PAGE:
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Why Trump's Military Comments Are Actually a Good Thing

This is not an article about whether or not you should vote for Donald Trump. This is not an article about whether or not you should vote for Hillary Clinton. This is not an article about whether or not any given military family brought any given attention on themselves.

This article assumes one thing: that you believe Gold Star families and Purple Heart recipients are worthy of respect.

Unless you live under some kind of rock, you've probably heard about Trump's two big military-related comments over the past week or so. First, he caused a firestorm of public outrage from many Gold Star families and military service organizations when he criticized the actions of a pair of Gold Star Parents. Here's how the AP characterizes what happened.

"Trump has been engaged in an emotionally charged feud with Khizr and Ghazala Khan, whose son, Capt. Humayun Khan, was killed in Iraq by a suicide bomber on June 8, 2004. Trump stoked outrage by implying that Ghazala Khan did not speak while standing alongside her husband at last week's Democratic convention because of their Muslim faith. And he disputed their right to question his grasp of the Constitution."
Then, after being gifted a Purple Heart from a veteran at a rally, he said "I always wanted to get the Purple Heart. This was much easier.”

In response to his comments, social media was flooded by photos from wounded and injured service members of when they received their Purple Hearts for injuries sustained during military service.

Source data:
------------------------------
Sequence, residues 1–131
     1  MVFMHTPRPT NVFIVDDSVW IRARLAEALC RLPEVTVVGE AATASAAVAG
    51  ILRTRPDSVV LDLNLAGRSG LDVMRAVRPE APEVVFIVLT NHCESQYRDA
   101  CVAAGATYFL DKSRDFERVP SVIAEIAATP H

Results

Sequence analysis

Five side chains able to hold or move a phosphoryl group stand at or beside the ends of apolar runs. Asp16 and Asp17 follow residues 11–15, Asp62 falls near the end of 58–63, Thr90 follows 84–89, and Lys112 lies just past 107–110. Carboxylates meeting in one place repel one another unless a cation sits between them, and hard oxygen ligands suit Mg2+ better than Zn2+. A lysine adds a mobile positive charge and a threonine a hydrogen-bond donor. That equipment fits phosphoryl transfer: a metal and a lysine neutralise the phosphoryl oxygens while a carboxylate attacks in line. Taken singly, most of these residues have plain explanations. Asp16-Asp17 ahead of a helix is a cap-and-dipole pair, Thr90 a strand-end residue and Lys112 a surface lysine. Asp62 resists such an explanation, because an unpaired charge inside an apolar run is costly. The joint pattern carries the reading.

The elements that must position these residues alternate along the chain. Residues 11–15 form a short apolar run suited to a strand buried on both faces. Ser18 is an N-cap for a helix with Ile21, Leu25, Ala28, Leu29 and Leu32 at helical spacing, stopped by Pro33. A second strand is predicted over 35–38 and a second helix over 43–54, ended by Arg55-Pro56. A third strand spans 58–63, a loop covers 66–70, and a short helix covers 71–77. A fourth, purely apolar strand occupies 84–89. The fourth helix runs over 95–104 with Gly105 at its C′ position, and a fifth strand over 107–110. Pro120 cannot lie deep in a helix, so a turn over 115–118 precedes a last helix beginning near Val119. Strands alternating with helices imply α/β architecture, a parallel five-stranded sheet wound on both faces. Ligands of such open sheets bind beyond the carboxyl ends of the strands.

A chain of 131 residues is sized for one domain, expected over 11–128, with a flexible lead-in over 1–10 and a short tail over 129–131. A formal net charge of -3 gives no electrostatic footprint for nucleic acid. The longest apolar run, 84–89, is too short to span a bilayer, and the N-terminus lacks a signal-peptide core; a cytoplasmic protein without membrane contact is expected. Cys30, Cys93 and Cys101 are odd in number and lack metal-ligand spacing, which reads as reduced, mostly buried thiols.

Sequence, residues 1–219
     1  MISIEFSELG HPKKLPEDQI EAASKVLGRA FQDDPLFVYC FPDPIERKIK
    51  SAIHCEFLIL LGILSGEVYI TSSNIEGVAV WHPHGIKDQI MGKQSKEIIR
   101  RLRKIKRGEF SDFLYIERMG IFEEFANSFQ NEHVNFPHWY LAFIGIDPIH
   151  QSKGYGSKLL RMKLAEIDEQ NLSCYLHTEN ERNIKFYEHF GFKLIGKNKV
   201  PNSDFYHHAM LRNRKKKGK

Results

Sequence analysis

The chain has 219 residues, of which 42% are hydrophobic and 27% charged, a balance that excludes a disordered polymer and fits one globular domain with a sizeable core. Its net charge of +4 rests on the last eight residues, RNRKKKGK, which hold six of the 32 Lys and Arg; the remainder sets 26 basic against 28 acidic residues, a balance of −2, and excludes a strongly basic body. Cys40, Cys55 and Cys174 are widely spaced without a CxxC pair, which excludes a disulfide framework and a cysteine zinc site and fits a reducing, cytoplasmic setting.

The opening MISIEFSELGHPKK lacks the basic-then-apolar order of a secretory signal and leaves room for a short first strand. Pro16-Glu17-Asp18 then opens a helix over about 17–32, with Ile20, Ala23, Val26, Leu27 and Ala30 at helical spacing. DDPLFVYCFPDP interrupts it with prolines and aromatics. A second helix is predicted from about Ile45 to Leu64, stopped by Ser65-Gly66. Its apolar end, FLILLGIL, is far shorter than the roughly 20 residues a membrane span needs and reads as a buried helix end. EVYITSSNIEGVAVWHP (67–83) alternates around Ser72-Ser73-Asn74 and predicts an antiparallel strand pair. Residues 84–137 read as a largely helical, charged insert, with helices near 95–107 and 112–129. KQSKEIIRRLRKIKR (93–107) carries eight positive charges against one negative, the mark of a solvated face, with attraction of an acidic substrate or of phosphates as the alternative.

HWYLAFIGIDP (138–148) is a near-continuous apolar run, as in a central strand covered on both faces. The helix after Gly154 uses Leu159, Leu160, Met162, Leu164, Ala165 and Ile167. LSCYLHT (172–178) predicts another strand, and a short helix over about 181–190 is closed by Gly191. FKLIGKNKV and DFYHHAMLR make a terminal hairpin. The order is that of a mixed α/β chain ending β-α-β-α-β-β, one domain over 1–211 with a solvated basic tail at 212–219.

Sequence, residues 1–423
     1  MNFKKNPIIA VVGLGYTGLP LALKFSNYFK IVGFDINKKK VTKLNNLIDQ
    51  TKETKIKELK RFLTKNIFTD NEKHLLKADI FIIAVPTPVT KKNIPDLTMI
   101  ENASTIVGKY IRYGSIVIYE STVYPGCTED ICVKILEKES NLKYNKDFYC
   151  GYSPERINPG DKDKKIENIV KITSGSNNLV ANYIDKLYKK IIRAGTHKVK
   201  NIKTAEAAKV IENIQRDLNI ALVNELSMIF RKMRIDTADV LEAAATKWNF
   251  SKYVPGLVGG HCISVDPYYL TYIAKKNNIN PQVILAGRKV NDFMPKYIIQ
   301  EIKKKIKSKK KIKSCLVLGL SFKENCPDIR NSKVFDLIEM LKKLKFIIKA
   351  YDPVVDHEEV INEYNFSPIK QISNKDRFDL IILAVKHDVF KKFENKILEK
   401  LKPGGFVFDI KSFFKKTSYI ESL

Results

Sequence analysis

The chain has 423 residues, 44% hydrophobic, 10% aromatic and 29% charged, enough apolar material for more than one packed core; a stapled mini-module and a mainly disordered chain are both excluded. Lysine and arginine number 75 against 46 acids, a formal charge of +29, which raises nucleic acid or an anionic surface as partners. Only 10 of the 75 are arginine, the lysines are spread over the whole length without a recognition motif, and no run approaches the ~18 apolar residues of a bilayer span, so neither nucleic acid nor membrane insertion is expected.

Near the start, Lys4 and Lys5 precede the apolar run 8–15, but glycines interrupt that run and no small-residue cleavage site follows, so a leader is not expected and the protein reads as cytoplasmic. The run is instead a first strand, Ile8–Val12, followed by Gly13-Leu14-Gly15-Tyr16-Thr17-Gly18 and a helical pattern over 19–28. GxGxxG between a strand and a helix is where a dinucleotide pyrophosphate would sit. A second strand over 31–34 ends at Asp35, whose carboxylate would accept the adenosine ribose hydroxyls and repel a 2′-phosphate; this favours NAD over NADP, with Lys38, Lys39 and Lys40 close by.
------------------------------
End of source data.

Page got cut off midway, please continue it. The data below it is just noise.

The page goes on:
So why are an "emotionally charged feud" with a Gold Star family and a confusing comment about war injuries good things?

Public awareness. 

While I would very, very much prefer that the U.S. public could just know without controversy what a "Gold Star family" is or what the Purple Heart is and means, they don't.

And so the silver lining -- the actual good part -- of all of this, is that now they might. When they hear "Gold Star family" maybe they'll know that those words mean sacrifice, loss, grief, hurt ... and respect. When they hear "Purple Heart" maybe they'll remember that the wounded received that designation because they put themselves in harm's way.

Maybe, just maybe, they'll think of Silvia Buoniconti, whose son Frank was killed in a helicopter collision in 2011. And they'll know that being a Gold Star family member or a wounded service member isn't always about politics. It's about sacrifice -- and America's reaction should only be one of respect and acknowledgement, just like Silvia says in this interview.

'"If you see a Gold Star pin, say 'Hi' and let us talk about our kids. You may see a tear here or there. As long as someone remembers, they're not really gone."

"Thank you for your service" for our wounded or "I'm sorry for you loss," for our Gold Star families works, too. And they are never the wrong things to say.

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